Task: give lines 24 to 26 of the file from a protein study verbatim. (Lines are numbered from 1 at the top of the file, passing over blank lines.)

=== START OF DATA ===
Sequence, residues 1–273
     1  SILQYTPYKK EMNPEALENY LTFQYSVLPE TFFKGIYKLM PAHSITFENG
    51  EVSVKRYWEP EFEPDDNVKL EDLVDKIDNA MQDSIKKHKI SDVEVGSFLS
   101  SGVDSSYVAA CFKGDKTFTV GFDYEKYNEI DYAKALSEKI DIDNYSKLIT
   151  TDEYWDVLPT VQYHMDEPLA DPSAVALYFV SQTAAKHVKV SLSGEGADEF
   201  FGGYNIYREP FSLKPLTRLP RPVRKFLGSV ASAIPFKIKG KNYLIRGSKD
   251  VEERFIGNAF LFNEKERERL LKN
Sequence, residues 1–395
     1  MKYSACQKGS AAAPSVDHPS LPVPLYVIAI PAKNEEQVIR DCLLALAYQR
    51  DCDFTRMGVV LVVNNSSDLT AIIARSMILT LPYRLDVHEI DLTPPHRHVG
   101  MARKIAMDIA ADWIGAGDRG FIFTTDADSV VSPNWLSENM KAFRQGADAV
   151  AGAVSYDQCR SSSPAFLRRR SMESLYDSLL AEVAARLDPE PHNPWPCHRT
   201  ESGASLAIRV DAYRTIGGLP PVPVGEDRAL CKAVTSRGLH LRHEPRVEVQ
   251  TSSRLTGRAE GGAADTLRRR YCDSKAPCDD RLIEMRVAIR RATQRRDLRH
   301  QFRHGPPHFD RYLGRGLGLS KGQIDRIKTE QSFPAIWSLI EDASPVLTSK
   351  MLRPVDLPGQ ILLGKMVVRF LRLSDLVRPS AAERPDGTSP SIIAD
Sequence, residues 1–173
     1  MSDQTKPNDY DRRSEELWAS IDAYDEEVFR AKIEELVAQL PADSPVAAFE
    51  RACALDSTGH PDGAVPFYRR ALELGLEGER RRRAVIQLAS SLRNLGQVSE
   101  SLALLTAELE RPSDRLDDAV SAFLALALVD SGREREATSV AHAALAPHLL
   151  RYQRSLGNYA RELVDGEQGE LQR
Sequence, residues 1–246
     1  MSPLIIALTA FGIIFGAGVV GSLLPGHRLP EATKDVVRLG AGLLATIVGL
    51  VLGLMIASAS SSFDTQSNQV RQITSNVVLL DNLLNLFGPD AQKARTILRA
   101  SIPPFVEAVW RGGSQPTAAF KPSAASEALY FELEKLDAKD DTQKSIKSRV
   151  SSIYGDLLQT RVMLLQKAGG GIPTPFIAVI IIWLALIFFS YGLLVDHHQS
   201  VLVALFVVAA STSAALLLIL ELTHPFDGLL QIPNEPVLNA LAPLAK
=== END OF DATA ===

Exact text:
    51  VLGLMIASAS SSFDTQSNQV RQITSNVVLL DNLLNLFGPD AQKARTILRA
   101  SIPPFVEAVW RGGSQPTAAF KPSAASEALY FELEKLDAKD DTQKSIKSRV
   151  SSIYGDLLQT RVMLLQKAGG GIPTPFIAVI IIWLALIFFS YGLLVDHHQS